Impact of the clinical context on the 14-3-3 test for the diagnosis of sporadic CJD

February 2006


81 Reads

The 14-3-3 test appears to be a valuable aid for the clinical diagnosis of sporadic Creutzfeldt-Jakob disease (sCJD) in selected populations. However, its usefulness in routine practice has been challenged. In this study, the influence of the clinical context on the performance of the 14-3-3 test for the diagnosis of sCJD is investigated through the analysis of a large prospective clinical series. Six hundred seventy-two Spanish patients with clinically suspected sCJD were analyzed. Clinical classification at sample reception according to the World Health Organization's (WHO) criteria (excluding the 14-3-3 test result) was used to explore the influence of the clinical context on the pre-test probabilities, and positive (PPV) and negative (NPV) predictive values of the 14-3-3 test. Predictive values of the test varied greatly according to the initial clinical classification: PPV of 98.8%, 96.5% and 45.0%, and NPV of 26.1%, 66.6% and 100% for probable sCJDi (n = 115), possible sCJDi (n = 73) and non-sCJDi (n = 484) cases, respectively. According to multivariate and Bayesian analyses, these values represent an improvement of diagnostic certainty compared to clinical data alone. In three different contexts of sCJD suspicion, the 14-3-3 assay provides useful information complementary to clinical and electroencephalographic (EEG) data. The test is most useful supporting a clinical impression, whilst it may show deceptive when it is not in agreement with clinical data.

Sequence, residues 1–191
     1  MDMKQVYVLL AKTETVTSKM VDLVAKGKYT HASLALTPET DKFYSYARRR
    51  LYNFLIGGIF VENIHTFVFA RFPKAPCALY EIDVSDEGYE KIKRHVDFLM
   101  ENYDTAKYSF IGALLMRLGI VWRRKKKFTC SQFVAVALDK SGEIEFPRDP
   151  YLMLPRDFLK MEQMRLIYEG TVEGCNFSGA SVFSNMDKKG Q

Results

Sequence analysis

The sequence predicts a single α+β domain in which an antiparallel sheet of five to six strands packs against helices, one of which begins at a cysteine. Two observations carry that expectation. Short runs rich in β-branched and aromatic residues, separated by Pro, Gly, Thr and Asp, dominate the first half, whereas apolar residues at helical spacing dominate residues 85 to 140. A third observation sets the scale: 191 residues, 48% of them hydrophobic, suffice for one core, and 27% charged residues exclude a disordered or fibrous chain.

Table 1 Clinical, biochemical and molecular features of m.14459G > A mutated patients
Neuroradiological and molecular features in our proband. A. Brain MRI showed bilateral symmetric hyperintense lesions on T2-weighted images in the head of caudate, putamen (top left), thalami (top right) and ventral mesencephalum (bottom left); these lesions were hypointense in T1-weighted images (bottom right). B. PCR-RFLP analysis of m.14459G > A mutation. The transition m.14459G > A creates a restriction site for endonuclease MaeIII in mutated amplicons obtained using a modified primer set previously described (FOR14430*-RC14710) producing two fragments of 251 and 29 base pairs (the latter is not visible on the agarose gel) while wild type molecules remain uncut. C. PCR-RFLP analysis of m.14792C > G variant. The variant m.14792C > G is recognized by restriction endonuclease HinfI which cuts mutated PCR-amplified fragments (encompassing 14400-14963 nucleotides) producing molecules of 392 and 171 base pairs. Control samples are from healthy unrelated independent subjects.
Clinical and molecular features of an infant patient affected by Leigh Disease associated to m.14459G > A mitochondrial DNA mutation: A case report

July 2011


153 Reads